CUSP is a proud, founding member of the Pikes Peak Fire Learning Network (PPFLN). This collaborative group was established to bring local and regional partners together to collectively identify and implement strategies for the safe, effective and appropriate use of fire for forest management. You can learn more about PPFLN on their website: http://www.pikespeakfln.org/.
The PPFLN employs a range of treatments and prescriptions for successful forest management and prescribed fire is one of these methods. As cooler and wetter weather conditions allow, preparations and planning are in full swing for local projects.
“Prescribed fire is a highly effective land management tool that can greatly minimize the risk of unnaturally large and damaging wildfires, while improving wildlife habitat and strengthening the health of our landscapes and watersheds,” said Jason Lawhon, Fire Manager for the Colorado Nature Conservancy. “The Fire Learning Network brings together community members and fire and land management professionals to learn from each burn experience.”
Starting in mid-October and running through November this year, the Pikes Peak Fire Learning Network is planning two prescribed fire projects in the Woodland Park area at Sourdough and North Catamount. Exact dates of the prescribed burns are weather dependent
The Sourdough prescribed burn will happen over a 14.8 acre area located north of Woodland Park. It will occur on private property off of Sourdough Road, just south of the Manitou Experimental Forest. Organized primarily through the Coalition for the Upper South Platte, North East Teller Fire and The Nature Conservancy, the goals of the project are to reduce hazardous fire fuels and increase understory grass and plant recovery after a previous forest thinning project.
The North Catamount prescribed burn will take place on 105 acres located on the Colorado Springs Utilities’ North Slope Watershed near the North Catamount Reservoir. Colorado Springs Utilities is the lead Network member on this project with goals of protecting water supply and infrastructure in its watersheds as well as improving forest heath and reducing fuels.
The exact burn dates depend on weather and fuel conditions and could conceivably be pushed to a later date in Spring 2017. There will be 1 to 2 days of burning with crews on the scene for multiple days thereafter, monitoring the project areas until they are completely extinguished. extinguished.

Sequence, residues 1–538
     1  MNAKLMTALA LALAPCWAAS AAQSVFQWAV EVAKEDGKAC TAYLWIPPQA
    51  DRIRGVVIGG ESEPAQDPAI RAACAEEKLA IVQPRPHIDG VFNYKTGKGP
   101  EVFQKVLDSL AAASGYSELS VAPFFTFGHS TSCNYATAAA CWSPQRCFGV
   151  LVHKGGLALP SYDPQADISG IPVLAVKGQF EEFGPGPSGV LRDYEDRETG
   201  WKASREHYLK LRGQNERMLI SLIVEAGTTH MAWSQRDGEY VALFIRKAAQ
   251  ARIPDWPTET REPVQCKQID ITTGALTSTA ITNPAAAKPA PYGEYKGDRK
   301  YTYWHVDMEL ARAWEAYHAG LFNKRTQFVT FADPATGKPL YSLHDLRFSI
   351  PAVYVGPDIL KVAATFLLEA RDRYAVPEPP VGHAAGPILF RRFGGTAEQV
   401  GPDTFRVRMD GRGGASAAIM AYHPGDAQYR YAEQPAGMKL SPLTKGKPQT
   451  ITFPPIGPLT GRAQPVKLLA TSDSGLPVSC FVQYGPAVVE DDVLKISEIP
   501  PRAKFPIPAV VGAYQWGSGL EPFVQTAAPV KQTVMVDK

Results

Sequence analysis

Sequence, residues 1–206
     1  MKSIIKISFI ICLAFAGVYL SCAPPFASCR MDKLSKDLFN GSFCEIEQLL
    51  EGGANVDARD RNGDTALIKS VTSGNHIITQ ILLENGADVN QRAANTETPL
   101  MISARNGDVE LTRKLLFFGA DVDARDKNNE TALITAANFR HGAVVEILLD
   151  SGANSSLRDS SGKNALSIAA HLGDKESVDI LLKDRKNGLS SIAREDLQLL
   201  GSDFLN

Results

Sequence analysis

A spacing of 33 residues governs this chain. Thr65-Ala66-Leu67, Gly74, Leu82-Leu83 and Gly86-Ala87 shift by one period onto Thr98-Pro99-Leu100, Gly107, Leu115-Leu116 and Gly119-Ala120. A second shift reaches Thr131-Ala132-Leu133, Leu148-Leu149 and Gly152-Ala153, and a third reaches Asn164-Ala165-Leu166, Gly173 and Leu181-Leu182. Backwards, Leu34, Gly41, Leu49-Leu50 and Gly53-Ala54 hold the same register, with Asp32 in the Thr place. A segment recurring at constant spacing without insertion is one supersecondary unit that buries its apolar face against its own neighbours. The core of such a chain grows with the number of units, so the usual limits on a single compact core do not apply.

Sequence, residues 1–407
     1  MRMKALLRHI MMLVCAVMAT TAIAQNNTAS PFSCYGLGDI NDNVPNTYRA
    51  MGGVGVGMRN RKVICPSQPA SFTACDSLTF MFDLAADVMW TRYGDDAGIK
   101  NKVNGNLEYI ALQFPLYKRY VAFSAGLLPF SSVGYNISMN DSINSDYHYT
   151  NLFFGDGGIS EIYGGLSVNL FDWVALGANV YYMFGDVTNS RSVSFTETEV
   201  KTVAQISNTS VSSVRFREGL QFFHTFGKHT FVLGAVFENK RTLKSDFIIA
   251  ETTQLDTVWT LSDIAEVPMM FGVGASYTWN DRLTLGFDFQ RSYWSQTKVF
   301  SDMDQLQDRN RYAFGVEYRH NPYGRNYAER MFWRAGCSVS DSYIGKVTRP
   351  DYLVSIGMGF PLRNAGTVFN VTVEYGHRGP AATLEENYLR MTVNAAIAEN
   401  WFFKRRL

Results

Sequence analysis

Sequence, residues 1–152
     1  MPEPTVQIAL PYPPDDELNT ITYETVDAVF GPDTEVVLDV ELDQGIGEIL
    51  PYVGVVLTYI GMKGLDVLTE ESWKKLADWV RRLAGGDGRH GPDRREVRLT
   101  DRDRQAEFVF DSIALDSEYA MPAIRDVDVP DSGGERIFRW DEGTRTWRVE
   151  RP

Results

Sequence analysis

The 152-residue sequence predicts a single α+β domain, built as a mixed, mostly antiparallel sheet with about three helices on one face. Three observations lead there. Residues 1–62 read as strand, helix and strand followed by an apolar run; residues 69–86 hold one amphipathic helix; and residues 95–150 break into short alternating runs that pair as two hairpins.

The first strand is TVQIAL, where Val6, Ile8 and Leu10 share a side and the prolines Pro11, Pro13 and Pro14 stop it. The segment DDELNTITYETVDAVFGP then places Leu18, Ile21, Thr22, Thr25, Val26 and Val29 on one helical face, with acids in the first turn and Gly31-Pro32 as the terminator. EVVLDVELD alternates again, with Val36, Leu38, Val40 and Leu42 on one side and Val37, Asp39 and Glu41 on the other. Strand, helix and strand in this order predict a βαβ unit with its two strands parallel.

“Without prescribed fire, we as a society cannot hope to achieve the goals of forest resiliency, community protection, and watershed health,” said Jonathan Bruno, Chief Operation Officer of the Coalition for the Upper South Platte. “These are all critical to protecting people, property, and ecosystems.”
“Over the past 20 years, multiple fuel reduction projects have been completed on the North Slope using hand crews and other mechanical techniques,” said Eric Howell, Colorado Springs Utilities Forest Program Manager. “Over time, however, wildfire conditions have increased. We can help mitigate risks effectively and safely through the implementation of prescribed fire.”
Pikes Peak Fire Learning Network is actively working with Colorado Air Pollution and Control Division to manage potential smoke impacts from the burns. When a controlled burn is implemented, it is conducted under very specific parameters laid out after years of planning. Daily weather conditions play a key role in whether a burn can be accomplished or not. The project fire managers will be evaluating conditions and forecasted weather to make the best decision on when to initiate these burns.
PPFLN is working to make sure that community members are kept abreast of information regarding these burns and hope to address any concerns and questions. Once the exact dates of the burns are known, the media and public will be notified. Up to date information will also be available through the Pikes Peak Fire Learning Network twitter account, @Pikespeak_FLN with related hashtags, #SourdoughRX and #CatamountRX.